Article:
The organisers of the Spanish Grand Prix in Barcelona insist that they have no intention of giving up the race, despite the ongoing suggestion that it may have to alternate with the street circuit in Valencia.

The latter dropped off the calendar to make room of the ill-fated Grand Prix of America project in New Jersey, and the port-side venue is already reported to have fallen into a state of disrepair, while Barcelona took advantage of its position on the 2013 schedule to advance talks of an extended contract. The Catalan circuit is 80 per cent owned by the local government and makes a loss on hosting the F1 circus, but continues to bring greater economic benefits to the Barcelona region.

Salvador Servia, director general at the Circuit de Catalunya, used the second day of the meeting to again dismiss claims that Barcelona would have to alternate the Spanish round with Valencia from next season, pointing out that preparations for the 2014 event were already under way.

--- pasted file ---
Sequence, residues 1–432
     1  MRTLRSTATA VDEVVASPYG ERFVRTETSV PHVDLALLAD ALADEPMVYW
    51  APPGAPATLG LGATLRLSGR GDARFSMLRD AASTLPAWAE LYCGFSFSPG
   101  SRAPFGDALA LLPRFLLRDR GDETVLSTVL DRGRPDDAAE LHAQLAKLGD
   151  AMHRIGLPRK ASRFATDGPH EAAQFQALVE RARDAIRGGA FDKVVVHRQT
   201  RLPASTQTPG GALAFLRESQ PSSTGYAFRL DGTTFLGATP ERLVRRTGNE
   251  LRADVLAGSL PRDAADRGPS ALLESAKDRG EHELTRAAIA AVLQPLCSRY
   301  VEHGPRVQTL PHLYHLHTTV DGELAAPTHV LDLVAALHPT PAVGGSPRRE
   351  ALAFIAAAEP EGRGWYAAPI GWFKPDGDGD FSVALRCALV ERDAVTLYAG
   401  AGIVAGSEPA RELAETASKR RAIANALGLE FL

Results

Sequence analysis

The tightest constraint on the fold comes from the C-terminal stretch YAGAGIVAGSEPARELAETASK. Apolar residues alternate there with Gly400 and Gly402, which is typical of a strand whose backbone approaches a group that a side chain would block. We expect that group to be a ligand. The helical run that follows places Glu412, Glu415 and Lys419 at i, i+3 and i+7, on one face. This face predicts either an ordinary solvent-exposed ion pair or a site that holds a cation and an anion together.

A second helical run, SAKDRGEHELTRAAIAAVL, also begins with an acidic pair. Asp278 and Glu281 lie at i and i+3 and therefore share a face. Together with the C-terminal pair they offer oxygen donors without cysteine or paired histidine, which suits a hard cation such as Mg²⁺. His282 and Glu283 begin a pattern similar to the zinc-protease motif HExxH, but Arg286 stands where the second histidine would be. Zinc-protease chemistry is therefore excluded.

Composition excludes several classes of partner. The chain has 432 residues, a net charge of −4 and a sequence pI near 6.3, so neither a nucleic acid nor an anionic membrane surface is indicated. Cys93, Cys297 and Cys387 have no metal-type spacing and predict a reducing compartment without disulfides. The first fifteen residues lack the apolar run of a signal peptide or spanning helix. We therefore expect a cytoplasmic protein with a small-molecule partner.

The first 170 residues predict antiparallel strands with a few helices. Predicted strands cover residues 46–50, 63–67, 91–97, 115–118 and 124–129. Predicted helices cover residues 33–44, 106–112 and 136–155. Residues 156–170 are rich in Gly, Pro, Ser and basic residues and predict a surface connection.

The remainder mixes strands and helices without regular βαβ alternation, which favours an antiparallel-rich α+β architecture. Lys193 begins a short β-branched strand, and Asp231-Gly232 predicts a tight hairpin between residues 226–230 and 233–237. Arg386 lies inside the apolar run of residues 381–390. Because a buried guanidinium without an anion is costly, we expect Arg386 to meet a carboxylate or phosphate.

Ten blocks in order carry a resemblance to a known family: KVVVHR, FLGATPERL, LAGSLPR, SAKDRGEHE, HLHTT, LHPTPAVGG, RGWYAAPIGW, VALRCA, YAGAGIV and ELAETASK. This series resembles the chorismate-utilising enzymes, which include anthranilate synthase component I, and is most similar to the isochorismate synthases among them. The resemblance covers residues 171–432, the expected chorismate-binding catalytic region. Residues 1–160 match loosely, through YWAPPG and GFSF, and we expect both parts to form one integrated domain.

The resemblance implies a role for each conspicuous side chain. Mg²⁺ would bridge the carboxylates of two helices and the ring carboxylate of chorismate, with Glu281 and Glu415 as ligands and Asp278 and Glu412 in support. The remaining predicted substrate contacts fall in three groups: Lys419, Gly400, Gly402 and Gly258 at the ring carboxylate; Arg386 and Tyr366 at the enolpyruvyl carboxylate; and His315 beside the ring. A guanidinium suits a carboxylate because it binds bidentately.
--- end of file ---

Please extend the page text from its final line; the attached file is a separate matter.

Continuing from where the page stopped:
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"We are working on next year, [and] have already published the ticket prices for 2014," he told Reuters, "We have done 23 years of F1 and our objective is to do another 23 years."

Servia pointed out that, despite Spain suffering worse than most in the current global economic crisis, the grand prix was still doing good business thanks to its ability to attract spectators from outside the country's borders. Nearly 75 per cent of the crowd this weekend is expected to come from countries other than Spain, helping to offset the lack of 'local' sales.

A crowd of around 93,000 is expected for the race on Sunday, up from recent years when spectator numbers dipped alarmingly, despite the attraction of Fernando Alonso racing - and winning - for Ferrari.

"Last year, we started selling overseas, targeting travel agencies and tour operators and we carried on the same way this year," Servia explained, "We have sold quite a lot in England, Germany and France. [Spain is] in a crisis, but we will carry on putting on the grand prix with all the qualities as if we were still rich!"